Notes about urbanism

July 7, 2010 permalink


From an Op-Ed in Monday’s New York Times about a frustrated search for the existence of the “real” Nighthawks diner painted by Hopper:

Over the past years, I’ve watched bakeries, luncheonettes, cobbler shops and much more come tumbling down at an alarming rate, making space for condos and office towers. Now the discovery that the “Nighthawks” diner never existed, except as a collage inside Hopper’s imagination, feels like yet another terrible demolition, though no bricks have fallen.

It seems the longer you live in New York, the more you love a city that has vanished. For those of us well versed in the art of loving what is lost, it’s an easy leap to missing something that was never really there.

To me, it’s quite the opposite: Hopper was delivering to us an entire city’s electric nightlife collapsed into one tidy, incredibly lonely painting, and that is far more interesting than any image of a specific, real diner. Why mourn the non-existence of a restaurant when the sadness and predation that Hopper reflects in us still exists in every large city, at no risk of demolition?

January 10, 2009 permalink

In a Sense New York New York Was Legally No

In a sense, New York / New York was “legally” no longer a condensed Manhattan. Nor was it a movie set (that would have been a different suit altogether). It was essentially a souvenir of the kind that you dropped in your beach bag; but now ballooned out into a monument the size of a casino/hotel. It stood in memoriam to tourists not quite remembering which building went where. It was a monument to condensed memorabilia.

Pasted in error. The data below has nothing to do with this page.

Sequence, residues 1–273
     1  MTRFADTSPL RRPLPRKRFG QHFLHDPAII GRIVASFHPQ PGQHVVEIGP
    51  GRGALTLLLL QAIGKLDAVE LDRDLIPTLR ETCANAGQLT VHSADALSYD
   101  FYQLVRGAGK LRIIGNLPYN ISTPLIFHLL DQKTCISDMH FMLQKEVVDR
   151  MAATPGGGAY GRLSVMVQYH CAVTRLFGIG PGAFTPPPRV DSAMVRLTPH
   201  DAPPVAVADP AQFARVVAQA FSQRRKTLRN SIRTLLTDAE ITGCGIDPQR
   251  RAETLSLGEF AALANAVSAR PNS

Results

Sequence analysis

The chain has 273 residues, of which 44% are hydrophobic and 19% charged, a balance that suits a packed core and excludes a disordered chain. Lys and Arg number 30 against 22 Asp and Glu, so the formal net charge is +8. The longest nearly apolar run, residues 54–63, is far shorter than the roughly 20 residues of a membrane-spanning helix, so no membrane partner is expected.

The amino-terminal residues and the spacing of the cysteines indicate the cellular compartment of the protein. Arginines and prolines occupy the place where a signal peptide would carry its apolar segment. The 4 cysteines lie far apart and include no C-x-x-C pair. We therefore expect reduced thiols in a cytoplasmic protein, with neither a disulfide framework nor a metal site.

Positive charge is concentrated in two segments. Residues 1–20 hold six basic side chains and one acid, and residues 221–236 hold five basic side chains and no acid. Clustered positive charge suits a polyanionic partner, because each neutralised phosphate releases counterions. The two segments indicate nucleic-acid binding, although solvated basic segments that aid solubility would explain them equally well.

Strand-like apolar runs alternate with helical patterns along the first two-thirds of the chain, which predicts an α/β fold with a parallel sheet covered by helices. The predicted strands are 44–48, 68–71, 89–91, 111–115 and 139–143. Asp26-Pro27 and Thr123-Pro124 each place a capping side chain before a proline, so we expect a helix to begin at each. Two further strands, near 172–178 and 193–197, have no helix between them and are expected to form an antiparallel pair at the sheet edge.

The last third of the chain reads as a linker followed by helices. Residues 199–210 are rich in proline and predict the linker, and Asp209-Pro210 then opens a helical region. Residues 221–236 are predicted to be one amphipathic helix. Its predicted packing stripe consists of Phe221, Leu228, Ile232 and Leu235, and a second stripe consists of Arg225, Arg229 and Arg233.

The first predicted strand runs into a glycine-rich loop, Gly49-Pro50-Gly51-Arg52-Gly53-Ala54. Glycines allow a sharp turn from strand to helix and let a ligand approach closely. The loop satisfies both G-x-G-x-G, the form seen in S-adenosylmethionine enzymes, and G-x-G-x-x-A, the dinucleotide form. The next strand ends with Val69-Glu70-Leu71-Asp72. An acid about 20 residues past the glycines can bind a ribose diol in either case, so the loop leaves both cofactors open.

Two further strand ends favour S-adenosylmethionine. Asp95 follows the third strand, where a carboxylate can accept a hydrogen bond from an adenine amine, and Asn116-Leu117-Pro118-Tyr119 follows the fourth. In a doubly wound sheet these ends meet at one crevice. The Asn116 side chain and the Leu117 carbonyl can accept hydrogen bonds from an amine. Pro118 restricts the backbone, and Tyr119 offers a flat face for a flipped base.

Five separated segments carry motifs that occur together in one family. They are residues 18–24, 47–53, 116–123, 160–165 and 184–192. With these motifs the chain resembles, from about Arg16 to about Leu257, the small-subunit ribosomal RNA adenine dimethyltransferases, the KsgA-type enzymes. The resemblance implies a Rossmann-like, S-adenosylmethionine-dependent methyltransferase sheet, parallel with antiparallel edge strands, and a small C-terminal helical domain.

Norman M. Klein, in The Electronic Baroque: 1955-2050. From The Vatican to Vegas, 2004 p346.

January 10, 2009 permalink

Back in Boom Sic of 1999 There Were Rumors That

Back in boom [sic] of 1999, there were rumors that a Vegas/Vegas hotel was to be built. The entire Strip would be condensed to 5/8 scale, like Disneyland’s Main Street at 7/8 scale; or to copy the very popular Universal Citywalk, that five years earlier had launched the next stage of the Electronic Baroque in L.A.

Norman M. Klein, in The Electronic Baroque: 1955-2050. From The Vatican to Vegas, 2004 p342.

January 10, 2009 permalink

Museums Would Map the Transition Toward This New

Museums would map the transition toward this new Baroque, like the new Guggenheims in Las Vegas, as part of a franchise that has stopped growing in the U.S. Museums were also under the gun. Very likely, shows will look more like Baroque wunderkammers than they used to. They will overlap and sprawl more, like browsers and search engines. The pressures to make shows monumentalize the new power relations will be intense, an often under shrinking curatorial budges, with signature buildings outside, like the Electronic Baroque: gaudy outside, conservative at its core.

Norman M. Klein, in The Electronic Baroque: 1955-2050. From The Vatican to Vegas, 2004 p338.

July 6, 2008 permalink

Every Urban Population Believes in Having It Owns

Every urban population believes in having it owns collective psychology. One can ridicule this belief, but it has produced a lot of poetry, music and cinema that we are accustomed to valuing. The volume of poems about Parisian air or St. Petersburg’s weather is a sufficient justification for their architecture. However, if we don’t speak about art that is stimulated by a city but about art in the public space, then one should be very careful. The chance that any really good artwork can go through all possible channels that evaluate it is minimal. And, in general, art that is exhibited outside of arts institutions has to additionally identify itself as art. That makes art shown in the public space even more conservative than art shown within the framework of institutions.

Boris Groys, quoted in “6 Questions for Boris Groys”, Art Lies no. 58, p. 19